Walter Reed National Military Medical Center says it is reviewing a Catholic pastoral care contract given to a secular defense contracting firm after the Catholic Archdiocese for the Military Services accused the center of denying Catholic service members the right to practice their religion.
“At this time, the pastoral care contract is under review to ensure it adequately supports the religious needs of our patients and beneficiaries,” Walter Reed said in a statement Tuesday.
The Catholic archdiocese objected last week after it said a cease-and-desist order had been issued against Holy Name College Friary, a Franciscan community of priests and brothers that had served at the center nearly two decades.
CATHOLIC ARCHDIOCESE ACCUSES WALTER REED OF STIFLING RELIGIOUS RIGHTS WITH ‘CEASE-AND-DESIST’ ORDER
The entrance of Walter Reed Medical Center in Washington, D.C., Nov. 19, 2021. (Olivier Douliery/AFP via Getty Images)
That came after a contract for Catholic pastoral care had ended at the end of March. And the archdiocese said the contract had been switched for a contract with a secular defense contracting firm that the archbishop says would not be able to provide adequate care.
“It is incomprehensible that essential pastoral care is taken away from the sick and the aged when it was so readily available,” Archbishop Timothy Broglio said in a statement.
“This is a classic case where the adage, ‘If it is not broken, do not fix it,’ applies. I fear that giving a contract to the lowest bidder overlooked the fact that the bidder cannot provide the necessary service,” he added. “I earnestly hope that this disdain for the sick will be remedied at once and their First Amendment rights will be respected.”
Two dozen Republican lawmakers sent a letter to Defense Secretary Lloyd Austin this week decrying what they saw as an “attack on the Christian faith.”
WALTER REED ‘CEASE AND DESIST’ ORDER FOR CATHOLIC PRIESTS VIOLATES THE FIRST AMENDMENT, GOP LAWMAKERS SAY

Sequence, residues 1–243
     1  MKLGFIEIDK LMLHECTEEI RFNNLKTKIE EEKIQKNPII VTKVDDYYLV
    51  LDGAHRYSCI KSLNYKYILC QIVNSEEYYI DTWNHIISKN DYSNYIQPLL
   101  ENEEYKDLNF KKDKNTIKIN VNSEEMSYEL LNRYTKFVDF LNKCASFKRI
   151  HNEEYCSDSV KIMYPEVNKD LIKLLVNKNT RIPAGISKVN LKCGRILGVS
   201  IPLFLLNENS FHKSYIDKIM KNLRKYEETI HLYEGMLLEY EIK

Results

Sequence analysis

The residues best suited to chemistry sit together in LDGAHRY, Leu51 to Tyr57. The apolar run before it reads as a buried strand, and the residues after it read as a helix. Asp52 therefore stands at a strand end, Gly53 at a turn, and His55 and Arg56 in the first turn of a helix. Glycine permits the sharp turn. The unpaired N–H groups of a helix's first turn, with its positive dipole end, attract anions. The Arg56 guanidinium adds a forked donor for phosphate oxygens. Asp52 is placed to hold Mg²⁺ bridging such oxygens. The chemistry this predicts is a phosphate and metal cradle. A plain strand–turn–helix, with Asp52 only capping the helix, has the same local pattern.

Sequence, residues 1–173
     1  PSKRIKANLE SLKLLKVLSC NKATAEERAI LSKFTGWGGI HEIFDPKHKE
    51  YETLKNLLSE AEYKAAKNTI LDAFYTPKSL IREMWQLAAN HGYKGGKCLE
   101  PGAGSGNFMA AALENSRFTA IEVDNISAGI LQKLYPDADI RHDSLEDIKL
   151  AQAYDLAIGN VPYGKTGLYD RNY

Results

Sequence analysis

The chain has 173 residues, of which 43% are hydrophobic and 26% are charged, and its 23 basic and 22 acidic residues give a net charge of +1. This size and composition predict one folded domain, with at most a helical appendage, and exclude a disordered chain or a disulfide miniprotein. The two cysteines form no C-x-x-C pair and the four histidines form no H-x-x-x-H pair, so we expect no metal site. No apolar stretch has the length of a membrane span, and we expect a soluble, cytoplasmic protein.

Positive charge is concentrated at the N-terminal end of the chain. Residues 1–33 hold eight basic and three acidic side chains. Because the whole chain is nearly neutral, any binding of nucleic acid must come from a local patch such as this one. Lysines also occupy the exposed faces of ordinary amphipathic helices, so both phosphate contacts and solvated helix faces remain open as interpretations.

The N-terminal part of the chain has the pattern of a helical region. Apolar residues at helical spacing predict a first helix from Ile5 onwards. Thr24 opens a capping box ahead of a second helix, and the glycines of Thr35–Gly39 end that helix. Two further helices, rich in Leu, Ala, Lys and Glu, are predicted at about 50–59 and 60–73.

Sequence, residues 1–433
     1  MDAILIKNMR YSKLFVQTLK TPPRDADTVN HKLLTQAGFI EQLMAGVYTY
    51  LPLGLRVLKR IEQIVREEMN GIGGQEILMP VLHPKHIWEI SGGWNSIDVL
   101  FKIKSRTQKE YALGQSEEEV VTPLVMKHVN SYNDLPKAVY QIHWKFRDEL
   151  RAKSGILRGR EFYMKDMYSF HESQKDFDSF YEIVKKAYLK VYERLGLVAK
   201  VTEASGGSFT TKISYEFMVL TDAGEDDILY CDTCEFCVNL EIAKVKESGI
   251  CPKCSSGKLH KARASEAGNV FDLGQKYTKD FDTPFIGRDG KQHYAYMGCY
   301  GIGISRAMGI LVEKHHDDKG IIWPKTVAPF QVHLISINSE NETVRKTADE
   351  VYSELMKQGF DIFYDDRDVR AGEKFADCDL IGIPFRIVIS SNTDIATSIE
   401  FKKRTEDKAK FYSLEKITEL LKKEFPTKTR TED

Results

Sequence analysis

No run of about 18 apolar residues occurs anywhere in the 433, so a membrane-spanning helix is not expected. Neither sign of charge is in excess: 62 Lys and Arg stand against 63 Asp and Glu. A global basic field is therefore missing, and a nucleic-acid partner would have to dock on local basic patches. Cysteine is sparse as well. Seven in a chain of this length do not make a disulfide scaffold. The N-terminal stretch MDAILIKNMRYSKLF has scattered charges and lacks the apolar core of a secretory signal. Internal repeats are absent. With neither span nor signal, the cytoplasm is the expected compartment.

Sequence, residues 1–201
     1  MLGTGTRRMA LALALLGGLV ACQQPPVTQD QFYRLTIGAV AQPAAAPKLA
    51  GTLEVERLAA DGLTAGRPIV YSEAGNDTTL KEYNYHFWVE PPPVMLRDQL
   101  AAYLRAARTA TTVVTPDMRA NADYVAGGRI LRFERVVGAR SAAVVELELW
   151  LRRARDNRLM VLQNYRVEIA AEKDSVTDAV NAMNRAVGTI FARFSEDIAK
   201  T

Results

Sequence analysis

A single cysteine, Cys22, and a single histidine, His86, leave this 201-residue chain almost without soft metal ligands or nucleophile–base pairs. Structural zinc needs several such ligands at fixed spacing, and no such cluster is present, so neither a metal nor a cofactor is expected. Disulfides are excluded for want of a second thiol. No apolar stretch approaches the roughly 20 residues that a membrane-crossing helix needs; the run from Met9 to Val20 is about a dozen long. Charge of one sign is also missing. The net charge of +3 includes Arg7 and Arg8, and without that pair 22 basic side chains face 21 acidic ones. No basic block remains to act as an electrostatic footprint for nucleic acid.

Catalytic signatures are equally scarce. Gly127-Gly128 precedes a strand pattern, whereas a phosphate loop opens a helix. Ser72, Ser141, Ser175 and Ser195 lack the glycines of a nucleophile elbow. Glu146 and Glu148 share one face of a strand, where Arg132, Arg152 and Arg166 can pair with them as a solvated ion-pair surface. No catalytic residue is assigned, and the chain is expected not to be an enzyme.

Walter Reed, however, has stressed it is able to provide Catholic pastoral care without a contract and said that Holy Week and Easter services conducted by a Catholic priest were provided and that three priests in the region are able to provide services, as well as access to Red Cross volunteers and active-duty chaplain’s assistants.
The center also said that it has an active-duty ordained Catholic priest on staff and that the awarded contract is to provide coverage in case staff cannot. It also said that, as part of the National Capital Region Health Market, it can bring on priests assigned to other defense organizations in the region.
“With the assigned staff and regional support, WRNMMC has sufficient resources to provide for the religious needs of our Catholic beneficiaries,” the statement said.
The Defense Health Agency also stressed that there was “no cancellation of Catholic services at Walter Reed, especially during Holy Week.”
Sen. John Fetterman, D-Pa., was released from Walter Reed National Military Medical Center after being treated for depression. (Office of John Fetterman)
Both the agency and the center also emphasized that the contract was not terminated, but that it expired on March 31 and that the contract had been up for renewal and rebidding. That contract is now being reviewed, the center said.
However, it confirmed that it had issued the cease-and-desist order April 4 after Holy Name College continued to provide services beyond the expiration of the contract. Catholic liturgies for Holy Week were offered at the center by the priest on staff.
Separately, senior defense officials told Fox News that Joint Chiefs of Staff Chairman Mark Milley was not involved or consulted in any way in the decision as had been suggested in social media posts, and the issues were handled in Army channels.
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“Thanks in large part to the excellent news coverage on Fox News Channel, Fox Digital and other media exposure, as well as attention in Congress, the administration is now working hard behind the scenes to resolve the matter,” the Archdiocese’s director of public affairs told Fox News.
Fox News’ Brooke Singman, Jennifer Johnson and Jennifer Griffin contributed to this report.